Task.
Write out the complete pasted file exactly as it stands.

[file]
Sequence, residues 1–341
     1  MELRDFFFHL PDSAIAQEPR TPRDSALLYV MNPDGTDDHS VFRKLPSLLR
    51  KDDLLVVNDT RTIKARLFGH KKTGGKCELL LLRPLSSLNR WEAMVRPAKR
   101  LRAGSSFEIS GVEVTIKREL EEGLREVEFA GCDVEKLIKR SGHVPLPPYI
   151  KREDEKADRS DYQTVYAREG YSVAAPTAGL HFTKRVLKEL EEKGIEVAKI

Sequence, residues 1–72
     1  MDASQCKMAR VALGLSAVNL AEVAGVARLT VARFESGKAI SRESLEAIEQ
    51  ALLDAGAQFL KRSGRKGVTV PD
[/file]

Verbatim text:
Sequence, residues 1–341
     1  MELRDFFFHL PDSAIAQEPR TPRDSALLYV MNPDGTDDHS VFRKLPSLLR
    51  KDDLLVVNDT RTIKARLFGH KKTGGKCELL LLRPLSSLNR WEAMVRPAKR
   101  LRAGSSFEIS GVEVTIKREL EEGLREVEFA GCDVEKLIKR SGHVPLPPYI
   151  KREDEKADRS DYQTVYAREG YSVAAPTAGL HFTKRVLKEL EEKGIEVAKI

Sequence, residues 1–72
     1  MDASQCKMAR VALGLSAVNL AEVAGVARLT VARFESGKAI SRESLEAIEQ
    51  ALLDAGAQFL KRSGRKGVTV PD